Colbert Moves Into Letterman's Coveted Late Night Spot
DAVID BIANCULLI, HOST:
Now for a quick note in my role as TV critic. The future of the late night TV landscape shifted again suddenly yesterday. One week ago, David Letterman surprised his viewers and everyone else by announcing his impending retirement from the CBS "Late Show" in 2015. Yesterday, news broke that CBS has chosen Letterman's replacement, Stephen Colbert, long-time host of Comedy Central's "The Colbert Report."
News spread early enough for late night hosts to mention it in last night's shows. On NBC, Jimmy Fallon welcomed Colbert to the broadcast side of the fence. And remember, Colbert had shown up on Fallon's first night of "The Tonight Show" dumping $100 worth of pennies on him and screaming welcome to 11:30, bitch. Jon Stewart on Comedy Central's "The Daily Show" showed old clips of Colbert from when he was one of that show's correspondents.
They very fondly praised Colbert as a worthy successor to Letterman in both humor and intelligence. I couldn't agree more. And Colbert himself demonstrated both of those attributes beautifully on last night's "Colbert Report." He saluted David Letterman sincerely and cleverly, then alluded to the changing of the guard without announcing it. It was obvious, though, his studio audience already knew.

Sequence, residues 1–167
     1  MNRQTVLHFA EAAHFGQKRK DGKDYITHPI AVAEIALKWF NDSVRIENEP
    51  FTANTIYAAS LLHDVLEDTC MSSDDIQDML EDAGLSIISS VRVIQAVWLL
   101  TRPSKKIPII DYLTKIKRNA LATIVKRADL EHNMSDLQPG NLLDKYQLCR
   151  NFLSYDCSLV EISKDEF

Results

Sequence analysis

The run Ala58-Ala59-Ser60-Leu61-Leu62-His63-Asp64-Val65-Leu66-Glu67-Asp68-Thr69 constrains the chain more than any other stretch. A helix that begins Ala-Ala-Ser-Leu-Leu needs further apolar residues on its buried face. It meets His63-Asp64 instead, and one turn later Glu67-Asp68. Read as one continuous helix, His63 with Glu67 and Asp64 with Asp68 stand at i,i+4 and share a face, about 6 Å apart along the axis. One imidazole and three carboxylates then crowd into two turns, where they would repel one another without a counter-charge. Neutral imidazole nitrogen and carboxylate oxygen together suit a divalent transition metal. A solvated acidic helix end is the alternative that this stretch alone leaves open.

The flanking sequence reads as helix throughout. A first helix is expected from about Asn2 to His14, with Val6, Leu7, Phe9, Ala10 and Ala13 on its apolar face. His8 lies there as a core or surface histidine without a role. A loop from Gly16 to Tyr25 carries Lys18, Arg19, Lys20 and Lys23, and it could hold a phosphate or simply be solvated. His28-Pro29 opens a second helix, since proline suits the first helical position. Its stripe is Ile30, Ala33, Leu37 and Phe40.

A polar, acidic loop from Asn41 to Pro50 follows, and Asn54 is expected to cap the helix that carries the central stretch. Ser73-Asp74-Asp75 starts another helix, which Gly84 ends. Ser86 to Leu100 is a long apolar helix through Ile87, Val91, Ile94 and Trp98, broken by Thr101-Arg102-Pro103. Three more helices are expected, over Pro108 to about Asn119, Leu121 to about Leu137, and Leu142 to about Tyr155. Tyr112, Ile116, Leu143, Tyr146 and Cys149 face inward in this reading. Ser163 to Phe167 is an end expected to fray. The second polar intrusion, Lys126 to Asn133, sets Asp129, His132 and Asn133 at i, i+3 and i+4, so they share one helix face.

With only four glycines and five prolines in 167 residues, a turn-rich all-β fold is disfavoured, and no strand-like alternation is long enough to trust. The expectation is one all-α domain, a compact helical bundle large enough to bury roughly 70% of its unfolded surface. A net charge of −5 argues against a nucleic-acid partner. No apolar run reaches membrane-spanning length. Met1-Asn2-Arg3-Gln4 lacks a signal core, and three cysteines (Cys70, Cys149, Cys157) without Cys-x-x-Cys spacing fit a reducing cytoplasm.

(SOUNDBITE OF TV SHOW, "THE COLBERT REPORT")
STEPHEN COLBERT: Dave has been on the air my entire adult life. "Late Night" debuted my first year in college. I learned more from watching Dave than I did from going to my classes.
Especially the ones I did not go to because I had stayed up till 1:30 watching Dave.
This man has influenced every host who came after him and even a few who came before him. He's that good. And I've got to tell you, I do not envy whoever they try to put in that chair.
BIANCULLI: Stephen Colbert already has confirmed that he'll be hosting the show as himself, not in the guise of his conservative "Colbert Report" persona. That won't happen until next year but for fans of both Colbert and Letterman, it means we'll be treated to a long stretch of farewell tour shows. That's good news. And so is the fact that Letterman's seat is ending up in very worthwhile and capable hands. I'm David Bianculli and this is FRESH AIR. Transcript provided by NPR, Copyright NPR.